Microcephalic Babies Are Tied to Zika viral infections during their first 3 months of fetal development. Source bn.thetodaypost.com
Zika virus (Zv) infects people via daytime mosquitoes carrying it, and rarely via sex with infected partners. Mosquitoes can bite infected people and then bite others, transmitting Zv to new people.
- in individuals, Zv typically causes no to mild symptoms (joint pain, irritated eyes, fever), dies out in the body after a week, and leaves the person immunized from further infection.
- a Zv infected woman in her first 3 months of pregnancy risks giving birth to a small brained (microcephalic) baby, who is likely to have serious developmental problems, often resulting in a relatively short lifespan.
Zv, related to dengue, yellow fever, and West Nile viruses, is kept alive via a wild host population in Africa. Immunized people are no longer hosts, but sources are maintained in wild animals that carry the virus.
The Current Spread of Zika Virus. Source Center for Disease Control and Prevention
- In 2015 Zv spread probably from Pacific islands to Central America, where vast human populations are potential temporary hosts to the virus.
- Nearly 4000 Brazilian microcephalic babies, born between October 2015 and January 2016, indicate the explosive spread of Zv throughout Brazil in early 2015. A sharp rise in Zv is reported in several other Latin American countries.
- The World Health Organization predicts Zv to spread wherever carrier mosquitoes occur – that is, throughout South and North America, except in Canada and Chile.*
Mosquitoes Transmit Zika Virus, but the sources are in animals that carry the virus.
Credit James Gathany at Wikimedia Commons
*Ultimately, widespread vaccination within human populations will likely keep Zv to manageable levels, but not wipe it out. Those same mosquitoes will probably infect American animals, which will be American carrier hosts. Such animals carry the live virus in their blood on a long-term basis, and are perpetual sources of it. Knowing which species are carriers and killing them all off simply isn’t feasible.
No vaccines exist yet, although manufacturers say one could be available for emergency use by October 2016.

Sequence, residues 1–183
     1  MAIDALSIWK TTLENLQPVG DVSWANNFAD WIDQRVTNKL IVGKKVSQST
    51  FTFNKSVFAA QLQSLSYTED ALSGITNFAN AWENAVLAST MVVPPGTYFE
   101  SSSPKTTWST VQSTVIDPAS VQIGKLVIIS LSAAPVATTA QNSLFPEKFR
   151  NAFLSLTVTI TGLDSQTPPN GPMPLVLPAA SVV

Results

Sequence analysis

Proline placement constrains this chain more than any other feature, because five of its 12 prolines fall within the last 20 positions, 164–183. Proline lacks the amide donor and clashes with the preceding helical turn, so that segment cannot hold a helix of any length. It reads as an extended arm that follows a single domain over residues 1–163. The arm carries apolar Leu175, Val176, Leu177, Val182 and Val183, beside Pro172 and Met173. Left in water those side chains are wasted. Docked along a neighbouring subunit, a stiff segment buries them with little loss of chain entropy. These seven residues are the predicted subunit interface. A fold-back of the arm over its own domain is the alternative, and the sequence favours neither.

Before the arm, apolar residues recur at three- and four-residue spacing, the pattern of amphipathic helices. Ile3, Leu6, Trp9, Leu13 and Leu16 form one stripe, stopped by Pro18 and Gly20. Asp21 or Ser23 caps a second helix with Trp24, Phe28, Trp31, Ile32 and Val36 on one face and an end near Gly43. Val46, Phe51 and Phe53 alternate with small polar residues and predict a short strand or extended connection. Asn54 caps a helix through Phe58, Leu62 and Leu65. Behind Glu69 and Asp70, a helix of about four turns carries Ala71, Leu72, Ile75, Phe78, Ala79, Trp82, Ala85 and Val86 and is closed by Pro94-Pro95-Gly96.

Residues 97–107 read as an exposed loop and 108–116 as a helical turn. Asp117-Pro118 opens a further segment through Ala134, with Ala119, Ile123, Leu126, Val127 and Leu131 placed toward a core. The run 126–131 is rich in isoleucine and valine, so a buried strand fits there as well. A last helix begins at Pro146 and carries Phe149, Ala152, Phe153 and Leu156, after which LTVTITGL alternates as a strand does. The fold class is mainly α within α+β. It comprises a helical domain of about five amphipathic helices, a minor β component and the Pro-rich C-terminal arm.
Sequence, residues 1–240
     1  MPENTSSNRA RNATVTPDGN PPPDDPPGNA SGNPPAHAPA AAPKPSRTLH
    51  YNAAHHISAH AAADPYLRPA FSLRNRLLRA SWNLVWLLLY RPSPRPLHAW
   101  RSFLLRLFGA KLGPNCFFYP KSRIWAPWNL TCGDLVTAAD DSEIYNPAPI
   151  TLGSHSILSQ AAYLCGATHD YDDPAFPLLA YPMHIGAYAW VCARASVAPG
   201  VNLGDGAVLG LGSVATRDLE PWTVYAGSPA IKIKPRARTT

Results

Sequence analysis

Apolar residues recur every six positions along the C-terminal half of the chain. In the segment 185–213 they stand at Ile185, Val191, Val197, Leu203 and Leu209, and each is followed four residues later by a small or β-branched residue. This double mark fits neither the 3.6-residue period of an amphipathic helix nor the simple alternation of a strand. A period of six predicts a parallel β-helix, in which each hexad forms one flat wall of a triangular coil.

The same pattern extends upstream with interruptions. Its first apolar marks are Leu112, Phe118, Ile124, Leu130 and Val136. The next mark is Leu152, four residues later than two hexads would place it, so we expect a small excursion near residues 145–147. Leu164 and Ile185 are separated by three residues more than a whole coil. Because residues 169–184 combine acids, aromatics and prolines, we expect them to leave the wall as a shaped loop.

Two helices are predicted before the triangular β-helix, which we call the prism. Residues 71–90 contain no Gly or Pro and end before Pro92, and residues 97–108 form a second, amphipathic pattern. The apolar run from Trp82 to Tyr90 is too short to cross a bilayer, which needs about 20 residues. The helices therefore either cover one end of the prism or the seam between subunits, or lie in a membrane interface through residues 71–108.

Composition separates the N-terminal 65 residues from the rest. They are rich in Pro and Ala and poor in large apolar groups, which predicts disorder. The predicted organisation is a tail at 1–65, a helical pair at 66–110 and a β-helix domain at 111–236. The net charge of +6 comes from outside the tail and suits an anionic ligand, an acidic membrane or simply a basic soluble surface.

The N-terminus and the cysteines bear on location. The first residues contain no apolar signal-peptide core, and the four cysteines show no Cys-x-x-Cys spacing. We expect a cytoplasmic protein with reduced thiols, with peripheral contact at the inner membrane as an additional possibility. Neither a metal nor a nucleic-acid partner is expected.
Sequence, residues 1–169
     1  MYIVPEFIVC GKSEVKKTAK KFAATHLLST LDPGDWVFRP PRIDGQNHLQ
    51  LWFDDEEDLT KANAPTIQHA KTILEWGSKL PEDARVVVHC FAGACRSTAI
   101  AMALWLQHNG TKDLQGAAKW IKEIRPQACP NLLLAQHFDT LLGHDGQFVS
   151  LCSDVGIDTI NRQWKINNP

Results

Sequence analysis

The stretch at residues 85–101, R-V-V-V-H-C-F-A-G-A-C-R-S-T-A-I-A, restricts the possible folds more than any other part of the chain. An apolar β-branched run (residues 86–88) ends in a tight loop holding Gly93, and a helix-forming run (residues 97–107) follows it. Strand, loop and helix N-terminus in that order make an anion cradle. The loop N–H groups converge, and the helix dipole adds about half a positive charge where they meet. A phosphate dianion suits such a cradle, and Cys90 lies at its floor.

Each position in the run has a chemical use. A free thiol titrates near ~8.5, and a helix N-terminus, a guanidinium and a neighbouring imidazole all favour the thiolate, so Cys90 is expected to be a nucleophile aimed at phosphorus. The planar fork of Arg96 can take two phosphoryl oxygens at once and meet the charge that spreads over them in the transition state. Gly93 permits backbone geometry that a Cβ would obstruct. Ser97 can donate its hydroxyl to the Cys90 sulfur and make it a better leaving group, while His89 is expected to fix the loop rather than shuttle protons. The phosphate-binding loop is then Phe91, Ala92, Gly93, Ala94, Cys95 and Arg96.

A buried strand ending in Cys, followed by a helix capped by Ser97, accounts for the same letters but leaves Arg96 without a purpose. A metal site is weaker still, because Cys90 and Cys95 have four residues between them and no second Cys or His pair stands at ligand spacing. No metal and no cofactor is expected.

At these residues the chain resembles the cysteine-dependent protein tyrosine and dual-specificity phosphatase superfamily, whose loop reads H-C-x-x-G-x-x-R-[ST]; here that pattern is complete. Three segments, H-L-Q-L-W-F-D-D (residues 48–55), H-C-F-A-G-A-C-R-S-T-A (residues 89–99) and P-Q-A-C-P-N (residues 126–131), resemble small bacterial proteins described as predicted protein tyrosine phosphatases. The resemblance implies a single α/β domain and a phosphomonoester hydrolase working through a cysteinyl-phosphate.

CDC Short-term Guidelines
For pregnant women who have traveled or are in Zv zones: get tested for it. See the CDC page for details. If you test positive, consider serial ultrasounds to track fetal development.
Go When You’re Not Pregnant to Mexico and the following countries below, says the Center for Disease Control, to prevent any fetal harm. Source http://www.touropia.com
For pregnant women: postpone travel to Zv zones, which now include:
- Central and South America: Mexico, Bolivia, Ecuador, Guyana, Brazil, Colombia, El Salvador, French Guiana, Guatemala, Honduras, Panama, Paraguay, Suriname, Venezuela
- Caribbean: Barbados, Saint Martin, Haiti, Martinique, Puerto Rico, Guadeloupe
- Oceania: Samoa
- Africa: Cape Verde
DEET Containing Repellents Are Safe to use and effective at repelling mosquitoes.Source stlmosquitocontrol.com
Prevention In the Zv Zone:
Use mosquito repellent, and mosquito nets when napping.
For women travelers: avoid pregnancy. Use highly effective contraceptives.
For men travelers: make sure highly effective contraceptives are used if you have sex.
For women living long-term in Zv zones – consider postponing pregnancy (as several countries suggest) until:
- a vaccine becomes available, or
- you test positive for Zika virus antibodies: this indicates that you have already been infected with, and subsequently immunized against, Zv.
Swiss Cheese Model for accident causation. Failures in various prevention factors (holes in the cheese) can cause a Zika epidemic. Source Davidmack via Wikimedia Commons
Stopping Deforestation Slows Climate Change, and Zika Virus Spread
Develop an overall system for preventing its spread, which includes:
- Get vaccinated for Zv.
- Minimize mosquito breeding grounds in urban areas.
- Minimize activities that create breeding grounds, such as deforestation.
- Prevent further climate change, which helps mosquitoes proliferate and spread.
For more on Climate Change, check out my weekly columns at the HuffingtonPost, Climate Change This Week
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